In short, my “vacation” was unusually challenging but surprisingly gratifying. For example, persisting despite my struggles reactivated some left-brained circuits my brain hasn’t used for far too long. It was eye-opening to see the limitations of my personality type—INFJ on the MBPI—and the perils of obsessing over it. Combine one-sided rigidity with the natural effects of aging and you have a recipe for diminishing mental functioning. You know the saying, “Use it or lose it.” I get that now and I’ll be more proactive about balancing my inner and outer lives from now on.
Launching my new book will offer additional challenges in the coming months. With many more obligations than usual, I’ll need to think farther ahead and plan more carefully if I want to keep doing everything that’s important to me. One of these is publishing two posts a week. Thursday I’ll be presenting for the Literary Sala in San Miguel de Allende, Mexico and the following week’s schedule contains four more book-signings. Yikes! This leaves little time for writing.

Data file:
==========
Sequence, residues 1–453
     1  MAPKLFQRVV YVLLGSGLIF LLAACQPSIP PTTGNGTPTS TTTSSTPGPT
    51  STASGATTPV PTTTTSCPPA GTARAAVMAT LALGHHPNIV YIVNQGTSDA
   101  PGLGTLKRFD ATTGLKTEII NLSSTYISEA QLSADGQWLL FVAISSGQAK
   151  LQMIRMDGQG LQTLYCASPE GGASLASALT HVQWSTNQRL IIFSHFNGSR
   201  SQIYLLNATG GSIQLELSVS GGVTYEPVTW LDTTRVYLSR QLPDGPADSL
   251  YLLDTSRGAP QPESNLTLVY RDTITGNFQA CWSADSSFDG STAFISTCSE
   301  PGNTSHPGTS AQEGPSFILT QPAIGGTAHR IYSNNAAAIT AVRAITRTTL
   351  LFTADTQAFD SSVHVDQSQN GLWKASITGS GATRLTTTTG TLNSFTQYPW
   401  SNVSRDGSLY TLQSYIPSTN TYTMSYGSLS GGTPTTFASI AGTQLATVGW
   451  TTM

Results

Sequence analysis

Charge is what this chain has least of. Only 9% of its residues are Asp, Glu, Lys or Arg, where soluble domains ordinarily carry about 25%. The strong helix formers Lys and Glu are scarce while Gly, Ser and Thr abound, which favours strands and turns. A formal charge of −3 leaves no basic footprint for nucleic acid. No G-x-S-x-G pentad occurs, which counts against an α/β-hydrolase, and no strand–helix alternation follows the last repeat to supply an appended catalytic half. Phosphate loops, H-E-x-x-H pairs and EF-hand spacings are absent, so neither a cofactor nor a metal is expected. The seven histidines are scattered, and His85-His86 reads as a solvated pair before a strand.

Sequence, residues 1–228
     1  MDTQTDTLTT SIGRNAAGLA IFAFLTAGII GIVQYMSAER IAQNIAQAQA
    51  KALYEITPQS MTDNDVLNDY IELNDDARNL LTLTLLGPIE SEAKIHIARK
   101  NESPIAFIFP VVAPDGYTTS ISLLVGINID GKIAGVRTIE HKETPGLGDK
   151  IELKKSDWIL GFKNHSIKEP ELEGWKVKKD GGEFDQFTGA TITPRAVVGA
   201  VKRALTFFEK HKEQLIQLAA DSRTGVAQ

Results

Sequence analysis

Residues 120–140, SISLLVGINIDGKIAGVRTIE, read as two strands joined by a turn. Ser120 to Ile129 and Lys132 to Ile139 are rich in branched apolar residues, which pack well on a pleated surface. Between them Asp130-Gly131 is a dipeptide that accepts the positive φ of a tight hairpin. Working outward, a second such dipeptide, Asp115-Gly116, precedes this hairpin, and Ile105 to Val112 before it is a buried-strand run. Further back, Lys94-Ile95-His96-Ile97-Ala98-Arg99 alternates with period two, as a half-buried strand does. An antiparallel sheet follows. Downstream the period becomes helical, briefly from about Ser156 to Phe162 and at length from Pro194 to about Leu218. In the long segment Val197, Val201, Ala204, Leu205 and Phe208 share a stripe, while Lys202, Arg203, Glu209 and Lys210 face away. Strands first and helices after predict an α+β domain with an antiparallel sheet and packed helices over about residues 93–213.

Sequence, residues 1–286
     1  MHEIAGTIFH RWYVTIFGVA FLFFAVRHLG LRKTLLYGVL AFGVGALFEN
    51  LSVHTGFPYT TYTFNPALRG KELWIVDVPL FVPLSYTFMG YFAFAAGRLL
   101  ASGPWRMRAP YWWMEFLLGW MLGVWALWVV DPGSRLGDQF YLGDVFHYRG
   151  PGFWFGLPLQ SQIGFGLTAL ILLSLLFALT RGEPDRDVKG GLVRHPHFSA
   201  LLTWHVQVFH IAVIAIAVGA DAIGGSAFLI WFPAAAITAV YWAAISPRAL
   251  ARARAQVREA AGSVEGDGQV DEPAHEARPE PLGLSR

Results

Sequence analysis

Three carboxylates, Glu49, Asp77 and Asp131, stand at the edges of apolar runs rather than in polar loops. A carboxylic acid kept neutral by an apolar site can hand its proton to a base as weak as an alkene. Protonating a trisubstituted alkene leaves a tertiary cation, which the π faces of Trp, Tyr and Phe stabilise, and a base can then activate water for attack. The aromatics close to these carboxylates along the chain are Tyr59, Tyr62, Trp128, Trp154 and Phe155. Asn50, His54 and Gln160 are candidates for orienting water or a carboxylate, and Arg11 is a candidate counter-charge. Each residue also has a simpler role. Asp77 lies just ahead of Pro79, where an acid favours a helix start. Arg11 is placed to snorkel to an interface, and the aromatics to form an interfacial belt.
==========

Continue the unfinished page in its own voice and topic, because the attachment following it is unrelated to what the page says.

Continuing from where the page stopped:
But I think it’s going to be okay. This summer I also learned that while I can’t always be balanced, flexible, or free from my shadow’s influence, the energy and skills I need to pursue my passions will be there when I need them…as long as I remain healthy, self-aware, and open to redefining myself every day!
You can order Healing the Sacred Divide at or
Here’s a link to the site of the San Miguel Literary Sala for whom I’ll be presenting Thursday evening:
For a neat video of the San Miguel de Allende writer’s conference, click this link: U-TUBE VIDEO

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0 Responses

  1. We are all works in progress; perfection is death, in the end.
    I’m not far off finishing the book so aiming to get a review done soon, once the mountain of boxes is reduced to a manageable level and I can write without guilt!